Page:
5. 5. Factor 4 : Constant pro-activity and adapting to the Japanese market. LV introduced newer product categories in the Japanese market, such as jewellery, watches and eyewear. The markets for these products have grown rapidly, exceeding expectations. Louis Vuitton redesigned bags exclusively for the Japanese market with a local flavour. The care given to establish the stores at the best possible locations in cities is another factor that has attracted high-income customers Louis Vuitton products. Louis Vuitton was able to improve its positioning in the market due to constant pro-activity and wise expansion in the tertiary markets. For instance, after land prices decreased in the 1990s and with the global recession during 2007-2009, there were some changes in people’s shopping habits and lifestyles. Louis Vuitton reviewed them carefully and reconsidered its line-up of merchandise. Factor 3 : Louis Vuitton’s approach to quality. Japanese consumers used to equate foreign products with high quality. Japanese consumers expect their luxury items to last for a long time. Louis Vuitton has done so well in Japan is because LV products fit this Japanese notion of imports being of higher quality. Louis Vuitton’s prides itself on their quality. First, the leather raw material comes from cattle which are known for less insect bites. After the leather is selected, it is put through several vigorous tests such as exposure to ultra violet rays to determine fading. Once the leather passes these tests, teams of 20-30 LV employees produce single product lines in an effort to minimize errors and were also encouraged to propose improvements. On top of their extensive quality control measures, Louis Vuitton offers a lifetime repair guarantee on all of their products.
  6. 6. Opportunities Wealthier Families and more purchasing power Ready-to-wear collection Louis Vuitton Internet Business Louis Vuitton children’s line Limited Edition Handbags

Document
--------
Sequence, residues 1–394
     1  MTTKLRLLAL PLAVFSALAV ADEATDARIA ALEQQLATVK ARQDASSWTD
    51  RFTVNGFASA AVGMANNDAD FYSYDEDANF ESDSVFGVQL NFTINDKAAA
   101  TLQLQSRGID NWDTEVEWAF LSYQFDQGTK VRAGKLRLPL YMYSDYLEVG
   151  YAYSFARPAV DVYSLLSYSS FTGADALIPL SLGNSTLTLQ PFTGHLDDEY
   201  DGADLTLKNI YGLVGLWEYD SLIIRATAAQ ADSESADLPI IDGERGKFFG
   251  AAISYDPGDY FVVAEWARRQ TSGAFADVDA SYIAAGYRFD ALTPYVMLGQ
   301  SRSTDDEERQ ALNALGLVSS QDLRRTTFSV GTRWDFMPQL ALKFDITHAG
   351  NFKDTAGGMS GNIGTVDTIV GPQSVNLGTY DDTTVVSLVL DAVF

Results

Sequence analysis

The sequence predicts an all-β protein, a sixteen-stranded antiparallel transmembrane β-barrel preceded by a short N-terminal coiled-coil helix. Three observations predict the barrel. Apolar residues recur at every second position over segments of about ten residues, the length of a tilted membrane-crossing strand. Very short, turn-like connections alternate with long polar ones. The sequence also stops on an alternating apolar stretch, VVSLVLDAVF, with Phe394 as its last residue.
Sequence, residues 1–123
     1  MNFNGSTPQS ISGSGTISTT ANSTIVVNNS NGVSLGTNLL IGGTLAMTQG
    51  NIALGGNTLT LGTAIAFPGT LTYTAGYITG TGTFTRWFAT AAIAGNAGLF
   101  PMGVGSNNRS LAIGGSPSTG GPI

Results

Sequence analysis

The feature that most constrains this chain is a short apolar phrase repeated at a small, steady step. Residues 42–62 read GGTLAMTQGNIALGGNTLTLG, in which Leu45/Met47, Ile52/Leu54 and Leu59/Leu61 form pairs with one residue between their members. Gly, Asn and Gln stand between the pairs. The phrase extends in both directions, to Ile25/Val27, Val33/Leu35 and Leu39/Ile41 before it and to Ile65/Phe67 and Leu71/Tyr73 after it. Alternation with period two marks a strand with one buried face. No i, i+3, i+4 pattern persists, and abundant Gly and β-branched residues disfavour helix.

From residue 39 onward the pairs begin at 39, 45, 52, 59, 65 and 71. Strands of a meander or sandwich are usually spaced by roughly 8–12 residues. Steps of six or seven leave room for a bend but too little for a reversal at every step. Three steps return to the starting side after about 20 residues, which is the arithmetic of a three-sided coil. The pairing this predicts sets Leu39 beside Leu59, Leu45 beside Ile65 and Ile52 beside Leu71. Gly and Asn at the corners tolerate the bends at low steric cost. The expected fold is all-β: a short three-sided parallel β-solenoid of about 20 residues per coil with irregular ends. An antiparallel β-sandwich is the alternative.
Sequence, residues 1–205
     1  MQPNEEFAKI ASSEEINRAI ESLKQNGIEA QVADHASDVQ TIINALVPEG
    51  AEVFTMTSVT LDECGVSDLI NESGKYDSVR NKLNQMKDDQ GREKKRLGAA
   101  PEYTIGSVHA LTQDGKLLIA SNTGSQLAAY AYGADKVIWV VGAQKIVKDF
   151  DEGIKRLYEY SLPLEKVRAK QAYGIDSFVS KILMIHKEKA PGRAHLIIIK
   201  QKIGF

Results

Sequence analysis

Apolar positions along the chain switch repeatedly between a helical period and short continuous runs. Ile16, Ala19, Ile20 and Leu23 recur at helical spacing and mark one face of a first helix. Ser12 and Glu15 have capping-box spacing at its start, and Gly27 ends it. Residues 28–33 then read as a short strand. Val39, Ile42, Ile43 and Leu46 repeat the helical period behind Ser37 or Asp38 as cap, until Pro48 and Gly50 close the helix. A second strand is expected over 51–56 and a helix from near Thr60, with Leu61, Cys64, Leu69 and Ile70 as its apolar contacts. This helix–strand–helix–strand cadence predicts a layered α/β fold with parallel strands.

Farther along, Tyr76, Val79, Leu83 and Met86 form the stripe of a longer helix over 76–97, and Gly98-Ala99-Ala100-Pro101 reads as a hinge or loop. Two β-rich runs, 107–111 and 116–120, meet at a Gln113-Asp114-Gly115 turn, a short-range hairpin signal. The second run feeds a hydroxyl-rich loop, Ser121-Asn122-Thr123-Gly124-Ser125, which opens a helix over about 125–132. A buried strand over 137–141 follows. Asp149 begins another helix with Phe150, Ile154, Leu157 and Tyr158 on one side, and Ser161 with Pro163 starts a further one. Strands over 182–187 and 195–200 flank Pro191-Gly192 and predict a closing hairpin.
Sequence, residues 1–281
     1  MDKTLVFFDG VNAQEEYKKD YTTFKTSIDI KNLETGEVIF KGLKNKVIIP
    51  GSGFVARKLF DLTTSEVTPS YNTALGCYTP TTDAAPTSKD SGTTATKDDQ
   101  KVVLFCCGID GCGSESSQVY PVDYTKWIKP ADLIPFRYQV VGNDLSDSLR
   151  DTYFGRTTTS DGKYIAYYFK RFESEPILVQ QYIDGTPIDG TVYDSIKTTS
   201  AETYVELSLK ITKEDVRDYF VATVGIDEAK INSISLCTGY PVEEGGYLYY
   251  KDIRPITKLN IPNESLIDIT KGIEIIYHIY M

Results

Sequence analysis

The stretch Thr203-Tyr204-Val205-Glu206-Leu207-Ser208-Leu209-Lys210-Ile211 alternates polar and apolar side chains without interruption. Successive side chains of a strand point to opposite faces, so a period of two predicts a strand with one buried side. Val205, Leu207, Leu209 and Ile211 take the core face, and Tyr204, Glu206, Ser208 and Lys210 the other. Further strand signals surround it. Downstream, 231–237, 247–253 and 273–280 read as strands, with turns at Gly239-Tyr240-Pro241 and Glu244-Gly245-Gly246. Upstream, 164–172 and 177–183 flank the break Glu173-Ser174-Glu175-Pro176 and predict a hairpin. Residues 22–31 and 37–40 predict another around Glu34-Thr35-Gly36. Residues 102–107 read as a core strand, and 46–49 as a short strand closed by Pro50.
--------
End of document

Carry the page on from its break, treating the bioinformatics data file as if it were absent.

7. 7. Challenges Mass Counterfeiting of all types of luxury products Reducing the dependence of revenues on the Japanese market Louis Vuitton will have to change with changes in demand and market changes. Competing with prices, while keeping up the quality
  8. 8. Japanese Luxury Market • Japan is the world’s largest market and has the highest per capita spending for luxury goods • Contribution of Japan to total revenue of famous luxury brands: Company Number of Stores Share of Revenue Bulgari 34 26% Coach 115 22% Salvatore Ferragamo 64 27% Gucci 49 27% LVMH 252 15% Tiffany 50 20%
  9. 9. Consumer Behavior in Japan • Compulsory form of social expression • Preference was slowing moving from Quality to Affordability Luxury became a commodity
  10. 10. Future Considerations • Reduced price due to Exchange Rate Fluctuations, Manufacturing Costs and Quality Considerations • Rental of Bags • Ageing population • Cyclical Japanese Market • Market was still expected to grow at 6 percent for the next few years
  11. 11. • First luxury brand to enter japan in 1970’s • Wholly owned subsidiary • They took advantage of the high demand in the Japanese market
  12. 12. THE LIMITED EDITION MARKETING STRATEGY KEEPALL $1270 SPEEDY 35 $725 THE ALMA NORMANDE $1290
  13. 13. https://www.youtube.com/watch?v=WLq7HF kuFp4
  14. 14. Will the financial crisis affect the mighty Louis Vuitton?
  15. 15. Threats: • Change in consumer preference • Japanese women market • Value of money • Smaller purchases • Christmas of 2008 Strategies to overcome: • SWOT Analysis • Focusing on counterfeits
  16. 16. In 2008, the recession forced LV to lower their prices. This decrease in price made the competition much stiffer As of 2004, Japan accounted for 55% of Louis Vuitton’s revenues making them very susceptible to any changes in Japan The good news for Louis Vuitton is that the Japanese luxury market is cyclical. It is in the Japanese market’s nature to fluctuate between periods of fiscal conservatism and huge spending Final Verdict: Although there was a continued decrease in the demand for luxury items in 2008- 2009, the Japanese market remained a relatively healthy and developing industry and hence it did not affect Louis Vuitton drastically.
  17. 17. Product (Customer Value) – Luxury Goods  Luxury trunks, leather goods, ready-to-wear, shoes, watches, jewelry.  Lifetime repair guarantee.  Quality control measures. Price (Cost to Customer) o High prices, even during recession time. o In essence, the Louis Vuitton difference is VALUE, not price.
  18. 18. Place (Convenience for the Buyer) – Japanese Luxury Market  1977 – 1st LV Store  1980- economic boom in Japan / “Vuittonmania” / 20 million women owned a LV bag  1st multinational luxury house without the help of Japanese distributors. It established its own subsidiary and exported products from France to Japan.  After recession caused by 9/11 attacks, LV redefined its strategy in Japan